The Benefits of Activity-Based Therapy
Anita Kaiser: The Benefits of Activity-Based Therapy
Anita Kaiser is a fourth-year Ph.D. student at the University of Toronto. She sustained a spinal cord injury (SCI) in 1996 due to a motor vehicle collision which broke her neck. With over a year spent in the hospital relearning fundamental aspects of daily living such as bathing, dressing and feeding, it was baby steps toward progress and it took her a year to become stable following spinal shock. “It takes about a year to get a sense of where the person is neurologically,” says Anita, “And by the one-year mark, I regained whatever function I would have. I stretched a lot to strengthen the muscles above my injury level and developed techniques to be as independent as possible.” From the chest down, Anita had no feeling or movement and only limited function of her hands and fingers.
With the use of adaptive equipment, including utensils and transfer boards, she was able to be more independent. But it wasn’t until years later that she encountered someone in the community who told her about a facility called Walk it Off Spinal Cord Recovery and Wellness Centre. The community-based exercise clinic provides therapy for SCI and other neurological conditions that is different from the treatment she received post-injury. “What’s done differently is that regardless of level and severity of injury, they try to work with their clients to activate paralyzed muscles below their level of injury,” shares Anita.
Activity-based therapy (ABT) involves a range of therapeutic activities that target the muscles below the level of injury based on activity. Dosage varies from one to three hours a day and can involve sensory stimulation and task-specific movement practice. “I had been neurologically stable for a while, but the program sounded interesting even though the likelihood of gaining any function back was slim to none. So I gave it a shot,” says Anita. “I was working at the time, so I did it once a week for three hours and I was blown away by how much I was improving week to week in spite of the fact that I was only going once a week and had what was considered a severe injury. I thought, what if I was going more often? What about people with less severe injuries? I had so many questions.”
Upon mentioning ABT, people seemed skeptical and Anita started to brainstorm how it could be incorporated into rehab programs. In order to do that, she would need to prove that it works, along with determining the optimal dosage and intensity required.
In 2019, the Canadian ABT Community of Practice was formed, which brought together scientists, clinicians, administrators, funders and people with SCI to set priorities for the next five years on advancing the quality and access to ABT in Canada. Anita went back to school to address one of those priorities; tracking ABT across the continuum of care. Funded by CIHR and Praxis and supervised by Dr. Kristin Musselman, Anita scanned 140 articles. She identified 16 different types of exercises and 84 parameters, such as frequency and duration of the exercise and session. Whether the measures are objective or subjective, including speed, duration, heart rate, pain, and fatigue. “It’s important to capture both to get a comprehensive picture of what’s going on throughout the continuum of care,” says Anita. The group also interviewed people from six different stakeholder groups, including researchers, people with SCI, hospital admins, hospital therapists, community exercise trainers, advocates, and policy makers, to understand their perspective on what details were important to track and the barriers to implementing ABT in Canada.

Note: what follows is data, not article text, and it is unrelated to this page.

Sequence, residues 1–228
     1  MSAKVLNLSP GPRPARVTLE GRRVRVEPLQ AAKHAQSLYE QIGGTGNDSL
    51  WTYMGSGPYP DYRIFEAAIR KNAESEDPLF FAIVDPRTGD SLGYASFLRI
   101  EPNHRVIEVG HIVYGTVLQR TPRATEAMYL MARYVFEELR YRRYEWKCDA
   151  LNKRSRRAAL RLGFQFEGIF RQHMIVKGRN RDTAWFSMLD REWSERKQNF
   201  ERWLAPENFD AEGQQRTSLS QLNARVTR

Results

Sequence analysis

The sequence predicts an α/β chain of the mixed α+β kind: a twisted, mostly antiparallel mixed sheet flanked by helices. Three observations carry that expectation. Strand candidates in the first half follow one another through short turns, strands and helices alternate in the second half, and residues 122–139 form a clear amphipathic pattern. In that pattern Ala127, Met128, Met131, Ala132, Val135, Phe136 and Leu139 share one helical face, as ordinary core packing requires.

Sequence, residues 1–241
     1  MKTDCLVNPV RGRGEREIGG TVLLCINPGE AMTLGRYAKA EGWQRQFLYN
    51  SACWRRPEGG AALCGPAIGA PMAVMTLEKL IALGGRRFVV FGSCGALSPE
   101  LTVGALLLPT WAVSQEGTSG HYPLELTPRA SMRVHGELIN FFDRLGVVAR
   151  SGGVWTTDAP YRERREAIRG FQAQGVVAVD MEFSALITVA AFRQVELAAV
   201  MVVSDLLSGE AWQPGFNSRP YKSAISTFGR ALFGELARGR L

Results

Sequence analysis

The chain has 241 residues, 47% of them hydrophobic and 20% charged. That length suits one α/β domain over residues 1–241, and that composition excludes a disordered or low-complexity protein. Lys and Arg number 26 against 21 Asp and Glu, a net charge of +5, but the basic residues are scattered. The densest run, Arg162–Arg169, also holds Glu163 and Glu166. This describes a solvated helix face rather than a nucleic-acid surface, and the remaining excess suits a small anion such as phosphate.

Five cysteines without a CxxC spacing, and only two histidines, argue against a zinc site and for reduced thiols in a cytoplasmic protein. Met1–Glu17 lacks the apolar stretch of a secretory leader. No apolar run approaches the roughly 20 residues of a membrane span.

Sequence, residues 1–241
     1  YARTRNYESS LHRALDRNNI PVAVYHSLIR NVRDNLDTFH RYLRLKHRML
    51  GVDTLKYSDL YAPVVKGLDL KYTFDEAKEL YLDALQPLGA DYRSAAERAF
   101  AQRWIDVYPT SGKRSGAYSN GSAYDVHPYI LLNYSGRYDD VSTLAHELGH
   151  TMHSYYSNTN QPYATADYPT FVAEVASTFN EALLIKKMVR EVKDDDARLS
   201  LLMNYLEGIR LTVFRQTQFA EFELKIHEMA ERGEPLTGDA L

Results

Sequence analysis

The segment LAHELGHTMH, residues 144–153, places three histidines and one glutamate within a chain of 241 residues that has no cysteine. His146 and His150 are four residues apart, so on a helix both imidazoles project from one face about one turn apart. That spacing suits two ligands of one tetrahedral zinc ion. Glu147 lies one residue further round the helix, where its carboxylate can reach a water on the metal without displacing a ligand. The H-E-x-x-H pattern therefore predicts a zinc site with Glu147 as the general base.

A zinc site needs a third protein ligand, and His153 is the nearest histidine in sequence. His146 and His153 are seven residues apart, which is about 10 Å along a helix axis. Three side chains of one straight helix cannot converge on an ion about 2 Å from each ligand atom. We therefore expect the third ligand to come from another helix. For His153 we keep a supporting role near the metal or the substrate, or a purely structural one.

The hope for Anita is that people with SCI and clinicians will be able to track the details of their ABT sessions at home, rehabilitation or a community facility.“It will lead to being able to determine best practice guidelines, and if it translates to reduced secondary complications, there is a case for saving health care costs down the line.”
Anita shares that although there is a cost to participate in ABT at facilities like Walk It Off, it is a non-profit organization and they try to keep the costs as low as possible, acknowledging that financial troubles exist in the disability community. She hopes that ABT will be offered as a regular part of rehab in the future. “One of the challenges is that the length of stays is short, so rehab focuses on the most immediate issues to get patients ready for discharge and as independent as possible,” she shares.
She also stresses that insurance companies need to recognize the value of ABT so that it is made affordable and with more locations so that people can access ABT clinics easily.
While the data is in the works to prove the value of ABT, Anita says there is a lot we can do as a community to raise awareness about the potential benefits of this type of therapy.
“For me, even 15 years post-injury, the strength in my triceps improved and they’re close to full function now. I built strength in my trunk area below my level of injury and I even noticed sensation changes. I could feel the deep heat of a hot plate on my lap or a bone chill with cold items,” shares Anita. And she has seen other individuals who have participated in ABT more often make even more significant gains. “The neat thing is it’s not just a therapist moving your body. It’s very active and participatory and takes mental effort.”
To participate in the research for Activity-based Therapy you can learn more here.